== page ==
Looking at cruise brochures, it can be hard to differentiate between the various Caribbean itineraries. But once you know what you’re looking at, distinct differences emerge. Here, we compare the most popular two routes — Eastern and Western — to see how they stack up:
Seven-night, year-round cruises are the most common option in both regions. Eastern routes sail from ports in Florida or from ports along the East Coast. Western itineraries sail from Florida or Texas, and sometimes New Orleans.
If you prefer visiting as many ports as possible, go for Eastern Caribbean sailings that depart from San Juan or St. Thomas — the time you would have spent sailing from Florida is made up by stopping at five or six islands. Western Caribbean routes, on the other hand, rarely stop at more than four ports.
Western itineraries (left) combine island hopping with stops in Central America, but have more sea days as a result. - Photo by Google
Our Pick: Draw. Different strokes for different folks. Western routes are best for history and nature, and Eastern ones rank high for beach hopping.
You’ll find good shores on both routes: Jamaica’s Negril and Grand Cayman’s Seven Mile Beach in the West, and too many to count in the Eastern Caribbean’s British and U.S. Virgin Islands, especially the perfect strips of white sand on Jost Van Dyke and St. John. The East’s tiny islands of St. Barts, Les Saintes, and Anguilla are also home to drop-dead gorgeous coastlines.
Both itineraries have stunning beaches like Belize (left) or Tortola (right). - Photo SIME / eStockPhoto
If you need more than sunbathing, shopping, and bar hopping, then the Eastern Caribbean itineraries might seem limiting to you. Yes, you can work up a sweat ziplining in St. Martin or kayaking off the coast of Tortola, but generally speaking, Eastern routes offer less to do beyond beaches and water sports.
Western Caribbean cruises are well rounded: In Mexico you can explore pre-Columbian temples or tube through underwater caves. Scuba dive off the shore of Grand Cayman where dramatic underwater cliffs attract abundant sea life, or try horseback riding through the surf in Jamaica, an island with a tradition of horse racing.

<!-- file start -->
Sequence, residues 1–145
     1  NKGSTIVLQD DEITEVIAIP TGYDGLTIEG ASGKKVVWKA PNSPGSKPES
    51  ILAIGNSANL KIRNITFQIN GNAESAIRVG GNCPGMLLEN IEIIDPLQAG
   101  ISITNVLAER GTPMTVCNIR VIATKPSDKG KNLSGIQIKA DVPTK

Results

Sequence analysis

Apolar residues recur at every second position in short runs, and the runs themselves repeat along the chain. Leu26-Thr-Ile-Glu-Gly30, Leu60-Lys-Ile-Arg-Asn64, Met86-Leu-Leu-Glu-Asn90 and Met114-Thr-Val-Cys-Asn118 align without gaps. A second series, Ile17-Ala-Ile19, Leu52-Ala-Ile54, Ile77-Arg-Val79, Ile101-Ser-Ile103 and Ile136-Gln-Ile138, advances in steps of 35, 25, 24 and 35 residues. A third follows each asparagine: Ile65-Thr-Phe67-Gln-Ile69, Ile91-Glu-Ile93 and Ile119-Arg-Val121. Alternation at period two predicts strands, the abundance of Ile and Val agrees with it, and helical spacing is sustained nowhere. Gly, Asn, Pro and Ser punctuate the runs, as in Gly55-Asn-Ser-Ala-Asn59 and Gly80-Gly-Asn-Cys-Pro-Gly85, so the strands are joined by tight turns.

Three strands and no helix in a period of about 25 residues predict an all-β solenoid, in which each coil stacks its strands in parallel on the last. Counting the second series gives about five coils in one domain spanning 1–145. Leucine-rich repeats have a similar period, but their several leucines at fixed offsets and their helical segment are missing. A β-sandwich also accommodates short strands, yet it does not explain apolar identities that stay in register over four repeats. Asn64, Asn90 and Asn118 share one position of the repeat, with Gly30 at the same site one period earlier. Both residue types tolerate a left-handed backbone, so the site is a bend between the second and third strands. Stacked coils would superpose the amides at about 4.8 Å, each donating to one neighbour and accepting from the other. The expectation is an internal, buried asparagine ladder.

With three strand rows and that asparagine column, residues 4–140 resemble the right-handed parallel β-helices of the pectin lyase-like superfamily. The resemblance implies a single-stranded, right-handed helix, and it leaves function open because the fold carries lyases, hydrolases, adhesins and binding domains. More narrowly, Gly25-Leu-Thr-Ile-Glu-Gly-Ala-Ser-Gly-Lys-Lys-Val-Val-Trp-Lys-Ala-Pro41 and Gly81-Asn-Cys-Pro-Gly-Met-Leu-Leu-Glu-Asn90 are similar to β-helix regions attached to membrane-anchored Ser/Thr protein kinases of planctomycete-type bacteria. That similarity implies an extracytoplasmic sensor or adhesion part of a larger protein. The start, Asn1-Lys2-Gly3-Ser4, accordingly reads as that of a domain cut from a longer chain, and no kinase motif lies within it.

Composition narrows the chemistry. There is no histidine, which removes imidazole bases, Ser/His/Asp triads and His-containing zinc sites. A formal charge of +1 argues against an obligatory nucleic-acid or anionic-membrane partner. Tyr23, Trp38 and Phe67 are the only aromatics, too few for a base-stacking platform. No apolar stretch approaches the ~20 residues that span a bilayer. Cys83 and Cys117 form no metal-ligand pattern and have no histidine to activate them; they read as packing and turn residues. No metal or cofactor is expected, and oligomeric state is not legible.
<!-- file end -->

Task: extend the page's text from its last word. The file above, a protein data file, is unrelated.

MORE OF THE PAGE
Western ports have a better variety of activities to choose from. - Photo SIME / eStockPhoto and Shutterstock
Our Pick: Western. You can crawl around ancient ruins, go bobsledding, and tour coffee plantations — all on a one-week cruise.
Most children love anything to do with beaches — playing in the sand, riding waves, and taking banana boat rides. Both Eastern and Western Caribbean itineraries offer great coastlines.
The Western Caribbean, though, has more than great beaches: Mexico’s Mayan ruins, snorkeling and diving along the coast of Belize, and climbing near natural features like Jamaica’s Dunn’s River Falls. The Eastern Caribbean boasts a few outliers, including the awesome El Morro fortress in Old San Juan, but otherwise, the region is mostly about sand and shopping.
Western ports like Cozumel (left) make it easy to lounge on the beach and visit historical sites in the same day. - Photo by Nomad / eStockPhoto
Our Pick: Western. Among the water parks, rivers, and coral reef, these ports are ideal, especially for families traveling with active kids.
Both regions have downsides: The Western’s Grand Cayman can be a dud, as the port is canceled fairly frequently due to heavy winds and surf (ships anchor and shuttle passengers ashore via tender boats), and Jamaica is notorious for vendors with aggressive sales tactics. Meanwhile, St. Thomas and St. Martin on Eastern routes can see more than 10,000 cruise passengers in town at the same time, causing epic traffic jams.
Our Pick: The Eastern Caribbean has fewer downsides. If there are only three or four ports on a weeklong Western Caribbean cruise and one is canceled, that’s a bummer.
Our Pick: Western. The Western Caribbean is more of a smorgasbord than the Eastern, so our vote goes for variety.